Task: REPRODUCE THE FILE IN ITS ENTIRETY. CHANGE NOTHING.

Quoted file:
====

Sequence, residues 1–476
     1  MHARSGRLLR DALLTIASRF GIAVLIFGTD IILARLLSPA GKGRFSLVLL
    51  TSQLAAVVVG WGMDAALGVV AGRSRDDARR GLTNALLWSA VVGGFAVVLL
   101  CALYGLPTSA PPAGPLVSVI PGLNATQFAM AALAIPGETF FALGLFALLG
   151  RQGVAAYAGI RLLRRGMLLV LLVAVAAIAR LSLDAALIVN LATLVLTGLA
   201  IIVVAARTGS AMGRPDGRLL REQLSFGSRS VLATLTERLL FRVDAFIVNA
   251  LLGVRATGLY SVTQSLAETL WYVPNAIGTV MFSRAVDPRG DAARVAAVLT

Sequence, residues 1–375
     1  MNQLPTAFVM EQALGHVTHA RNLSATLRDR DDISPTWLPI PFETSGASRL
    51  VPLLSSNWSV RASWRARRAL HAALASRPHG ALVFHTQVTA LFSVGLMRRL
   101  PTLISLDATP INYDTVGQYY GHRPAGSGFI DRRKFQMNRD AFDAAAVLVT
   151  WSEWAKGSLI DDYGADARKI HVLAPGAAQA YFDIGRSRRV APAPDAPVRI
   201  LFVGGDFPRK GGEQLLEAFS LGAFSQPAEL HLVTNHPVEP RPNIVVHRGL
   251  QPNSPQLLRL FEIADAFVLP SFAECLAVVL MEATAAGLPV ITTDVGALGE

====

Sequence, residues 1–476
     1  MHARSGRLLR DALLTIASRF GIAVLIFGTD IILARLLSPA GKGRFSLVLL
    51  TSQLAAVVVG WGMDAALGVV AGRSRDDARR GLTNALLWSA VVGGFAVVLL
   101  CALYGLPTSA PPAGPLVSVI PGLNATQFAM AALAIPGETF FALGLFALLG
   151  RQGVAAYAGI RLLRRGMLLV LLVAVAAIAR LSLDAALIVN LATLVLTGLA
   201  IIVVAARTGS AMGRPDGRLL REQLSFGSRS VLATLTERLL FRVDAFIVNA
   251  LLGVRATGLY SVTQSLAETL WYVPNAIGTV MFSRAVDPRG DAARVAAVLT

Sequence, residues 1–375
     1  MNQLPTAFVM EQALGHVTHA RNLSATLRDR DDISPTWLPI PFETSGASRL
    51  VPLLSSNWSV RASWRARRAL HAALASRPHG ALVFHTQVTA LFSVGLMRRL
   101  PTLISLDATP INYDTVGQYY GHRPAGSGFI DRRKFQMNRD AFDAAAVLVT
   151  WSEWAKGSLI DDYGADARKI HVLAPGAAQA YFDIGRSRRV APAPDAPVRI
   201  LFVGGDFPRK GGEQLLEAFS LGAFSQPAEL HLVTNHPVEP RPNIVVHRGL
   251  QPNSPQLLRL FEIADAFVLP SFAECLAVVL MEATAAGLPV ITTDVGALGE